The Weight of Some Workers Comp Injuries

According to a report from CDC, nearly 35 percent of Americans are considered obese.

 

The data goes on to show that the estimated annual medical expense due to obesity nationwide was a staggering $147 billion just six years ago. It turns out that medical costs for individuals who are obese were more than $1,400 greater than those of normal weight.

 

Meantime, a report from Florida-based NCCI Holdings Inc. claims that injuries suffered by obese workers often lead to substantially higher medical care and are more likely to become permanent disabilities than likewise injuries suffered by employees who are not obese.

 

“How Obesity Increases the Risk of Disabling Workplace Injuries,” notes the differences in treatment options between a sample of more than 7,000 claims with obesity as a secondary diagnosis and an added 20,000 claims with almost identical demographic characteristics but lacking an obesity diagnosis.

 

 

Obesity on the Rise

 

While you would think health warnings and just commonsense would be enough to have people monitor their weight, that unfortunately is not the case, both in the U.S. and around the globe.

 

The incidence of obesity is expanding globally.

 

Here in America, the incidence of obesity is the largest of all reporting countries and the trend continues without any indication of slowing down. Intuitively, the implications of this trend for workers comp bode problematic.

 

The various medical treatments, expenses and duration are oftentimes, but not always, greater for obese claimants, researchers discovered.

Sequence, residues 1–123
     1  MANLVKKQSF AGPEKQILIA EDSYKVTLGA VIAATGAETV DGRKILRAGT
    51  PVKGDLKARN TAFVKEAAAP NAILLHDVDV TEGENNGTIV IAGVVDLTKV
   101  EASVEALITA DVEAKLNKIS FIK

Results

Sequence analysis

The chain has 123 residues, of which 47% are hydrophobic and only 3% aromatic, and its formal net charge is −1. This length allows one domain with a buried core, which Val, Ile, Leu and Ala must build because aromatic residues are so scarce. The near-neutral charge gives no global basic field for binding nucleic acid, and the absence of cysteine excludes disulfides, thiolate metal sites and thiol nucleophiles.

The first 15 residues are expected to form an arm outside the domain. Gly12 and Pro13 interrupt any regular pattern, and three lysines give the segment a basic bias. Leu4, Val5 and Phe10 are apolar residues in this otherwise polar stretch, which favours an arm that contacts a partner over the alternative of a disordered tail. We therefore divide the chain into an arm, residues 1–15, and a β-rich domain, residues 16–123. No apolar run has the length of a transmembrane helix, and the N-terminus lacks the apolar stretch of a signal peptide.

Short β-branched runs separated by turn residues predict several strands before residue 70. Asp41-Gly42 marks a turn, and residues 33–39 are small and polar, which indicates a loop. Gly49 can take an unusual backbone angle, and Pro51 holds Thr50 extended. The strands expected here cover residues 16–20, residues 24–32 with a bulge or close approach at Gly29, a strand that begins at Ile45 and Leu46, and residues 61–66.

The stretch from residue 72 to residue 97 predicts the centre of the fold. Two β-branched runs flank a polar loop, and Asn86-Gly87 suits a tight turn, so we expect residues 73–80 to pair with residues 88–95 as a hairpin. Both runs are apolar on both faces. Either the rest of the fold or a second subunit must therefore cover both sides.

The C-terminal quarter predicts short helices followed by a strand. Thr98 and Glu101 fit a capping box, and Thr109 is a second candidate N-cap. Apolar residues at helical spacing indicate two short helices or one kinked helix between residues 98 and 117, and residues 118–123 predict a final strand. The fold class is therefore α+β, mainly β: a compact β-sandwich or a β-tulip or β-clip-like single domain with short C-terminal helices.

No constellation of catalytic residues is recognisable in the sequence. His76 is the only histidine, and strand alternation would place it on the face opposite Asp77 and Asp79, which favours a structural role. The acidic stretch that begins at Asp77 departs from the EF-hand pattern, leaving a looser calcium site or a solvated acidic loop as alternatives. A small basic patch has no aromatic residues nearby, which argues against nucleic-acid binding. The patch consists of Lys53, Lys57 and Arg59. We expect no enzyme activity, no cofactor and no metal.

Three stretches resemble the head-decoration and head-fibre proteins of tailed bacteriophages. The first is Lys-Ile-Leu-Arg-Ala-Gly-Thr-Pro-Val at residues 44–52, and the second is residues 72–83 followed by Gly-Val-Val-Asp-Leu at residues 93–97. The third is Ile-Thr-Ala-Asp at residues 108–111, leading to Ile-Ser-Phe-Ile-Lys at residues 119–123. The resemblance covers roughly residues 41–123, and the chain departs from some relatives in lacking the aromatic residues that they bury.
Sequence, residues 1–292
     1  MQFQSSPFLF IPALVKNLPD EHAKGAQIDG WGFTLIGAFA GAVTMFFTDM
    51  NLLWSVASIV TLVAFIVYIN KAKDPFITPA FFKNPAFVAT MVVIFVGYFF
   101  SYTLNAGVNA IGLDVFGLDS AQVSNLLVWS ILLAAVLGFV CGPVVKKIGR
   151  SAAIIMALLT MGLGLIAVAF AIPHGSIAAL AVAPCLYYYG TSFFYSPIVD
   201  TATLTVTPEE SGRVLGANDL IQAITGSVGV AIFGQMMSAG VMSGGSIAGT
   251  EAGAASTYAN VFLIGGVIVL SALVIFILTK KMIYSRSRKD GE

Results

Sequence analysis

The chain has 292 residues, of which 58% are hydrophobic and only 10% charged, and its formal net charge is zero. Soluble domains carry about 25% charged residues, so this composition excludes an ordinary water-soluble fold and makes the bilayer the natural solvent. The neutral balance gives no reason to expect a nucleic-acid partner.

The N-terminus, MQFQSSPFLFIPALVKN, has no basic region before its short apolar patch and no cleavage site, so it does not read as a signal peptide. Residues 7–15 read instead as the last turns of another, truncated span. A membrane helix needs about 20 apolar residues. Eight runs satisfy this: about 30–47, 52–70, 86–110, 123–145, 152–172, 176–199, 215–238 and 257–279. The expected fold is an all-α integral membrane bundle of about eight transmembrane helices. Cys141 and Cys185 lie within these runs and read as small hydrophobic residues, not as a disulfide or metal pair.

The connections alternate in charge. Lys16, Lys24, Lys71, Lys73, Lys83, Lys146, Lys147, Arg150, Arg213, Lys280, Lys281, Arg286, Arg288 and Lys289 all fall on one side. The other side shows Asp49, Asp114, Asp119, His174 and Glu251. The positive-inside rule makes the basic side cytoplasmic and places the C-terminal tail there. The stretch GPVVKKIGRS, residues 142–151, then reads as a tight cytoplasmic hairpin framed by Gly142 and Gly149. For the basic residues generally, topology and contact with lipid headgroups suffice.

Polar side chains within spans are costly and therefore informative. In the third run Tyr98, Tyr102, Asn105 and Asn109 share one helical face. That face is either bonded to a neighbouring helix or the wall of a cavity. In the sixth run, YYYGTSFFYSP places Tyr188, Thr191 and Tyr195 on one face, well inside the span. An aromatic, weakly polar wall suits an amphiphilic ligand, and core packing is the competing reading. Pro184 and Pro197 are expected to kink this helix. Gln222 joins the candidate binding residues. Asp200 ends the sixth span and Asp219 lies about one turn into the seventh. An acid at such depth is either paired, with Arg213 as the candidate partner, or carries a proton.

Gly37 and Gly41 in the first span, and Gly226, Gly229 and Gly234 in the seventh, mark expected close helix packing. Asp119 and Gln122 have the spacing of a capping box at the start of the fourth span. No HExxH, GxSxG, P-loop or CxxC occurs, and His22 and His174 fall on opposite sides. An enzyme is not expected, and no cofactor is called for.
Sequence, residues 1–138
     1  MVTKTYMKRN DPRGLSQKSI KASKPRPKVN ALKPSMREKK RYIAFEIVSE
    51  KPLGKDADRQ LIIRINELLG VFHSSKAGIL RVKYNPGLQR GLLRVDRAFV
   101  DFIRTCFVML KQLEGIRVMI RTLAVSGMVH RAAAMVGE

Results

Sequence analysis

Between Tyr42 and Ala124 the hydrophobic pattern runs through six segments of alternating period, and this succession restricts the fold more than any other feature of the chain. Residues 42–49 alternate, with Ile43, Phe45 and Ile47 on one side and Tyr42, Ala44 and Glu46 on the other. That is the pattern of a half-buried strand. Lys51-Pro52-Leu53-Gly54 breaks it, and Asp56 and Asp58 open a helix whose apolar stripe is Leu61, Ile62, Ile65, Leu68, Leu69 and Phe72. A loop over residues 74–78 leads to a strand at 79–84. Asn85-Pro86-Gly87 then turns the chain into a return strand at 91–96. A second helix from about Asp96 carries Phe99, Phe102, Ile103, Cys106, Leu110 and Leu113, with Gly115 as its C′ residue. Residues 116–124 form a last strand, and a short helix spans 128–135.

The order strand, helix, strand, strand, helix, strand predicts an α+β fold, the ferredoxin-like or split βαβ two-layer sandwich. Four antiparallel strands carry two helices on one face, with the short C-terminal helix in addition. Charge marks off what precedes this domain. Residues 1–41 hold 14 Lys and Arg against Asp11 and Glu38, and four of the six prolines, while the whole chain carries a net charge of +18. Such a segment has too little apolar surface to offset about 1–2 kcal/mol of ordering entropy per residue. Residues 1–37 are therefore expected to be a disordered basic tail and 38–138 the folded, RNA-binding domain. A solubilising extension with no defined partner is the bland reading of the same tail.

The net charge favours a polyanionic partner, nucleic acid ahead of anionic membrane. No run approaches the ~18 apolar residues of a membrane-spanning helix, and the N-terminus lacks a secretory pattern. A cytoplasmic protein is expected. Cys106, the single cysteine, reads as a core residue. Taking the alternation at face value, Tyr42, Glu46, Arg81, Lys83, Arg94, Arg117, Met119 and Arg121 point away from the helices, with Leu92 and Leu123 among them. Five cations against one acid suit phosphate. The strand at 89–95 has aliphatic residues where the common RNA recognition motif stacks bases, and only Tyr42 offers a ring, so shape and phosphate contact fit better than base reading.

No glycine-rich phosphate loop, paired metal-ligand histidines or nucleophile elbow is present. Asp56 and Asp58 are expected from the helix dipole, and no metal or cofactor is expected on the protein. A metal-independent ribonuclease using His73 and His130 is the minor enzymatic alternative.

In viewing shoulder and arm sprains, the study reports that the obese claim is much more costly as a wide range of treatments including physical therapy and complex surgery that the non-obese claim did not incur.

 

The report went on to state that “Essentially, the non-obese claim had only an office visit, X-ray and drug treatment the day of the injury and a follow-up office visit the next day. In total, the non-obese claim had four treatments, while the obese claim had more than 75. A major cost driver for the obese claim was complex surgery.”

 

 

 

Author Michael B. Stack, CPA, Principal, Amaxx Risk Solutions, Inc. is an expert in employer communication systems and part of the Amaxx team helping companies reduce their workers compensation costs by 20% to 50%. He is a writer, speaker, and website publisher.  www.reduceyourworkerscomp.com.  Contact: mstack@reduceyourworkerscomp.com.

 

©2014 Amaxx Risk Solutions, Inc. All rights reserved under International Copyright Law.

 

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Do not use this information without independent verification. All state laws vary. You should consult with your insurance broker, attorney, or qualified professional.

Ohio Man Must Pay Back More Than $54K

Trying to cheat the workers compensation system in Ohio has led to a fine of more than $54,000 for one man.

 
The Orient (Pickaway County) male was ordered to pay more than $54,000 in restitution in connection with working while receiving workplace injury benefits. Craig Vance pleaded guilty July 24 in Franklin County Court of Common Pleas to one count of workers comp fraud, a fifth-degree felony.

 
“Thanks to an allegation reported to BWC, tens of thousands of dollars will be returned to the State Insurance Fund,” said Bureau of Workers’ Compensation (BWC) Administrator/CEO Steve Buehrer.

 
BWC’s special investigations unit received an allegation that Vance was working while receiving workers comp benefits.

 

Defendant Had His Own Auto Mechanic Shop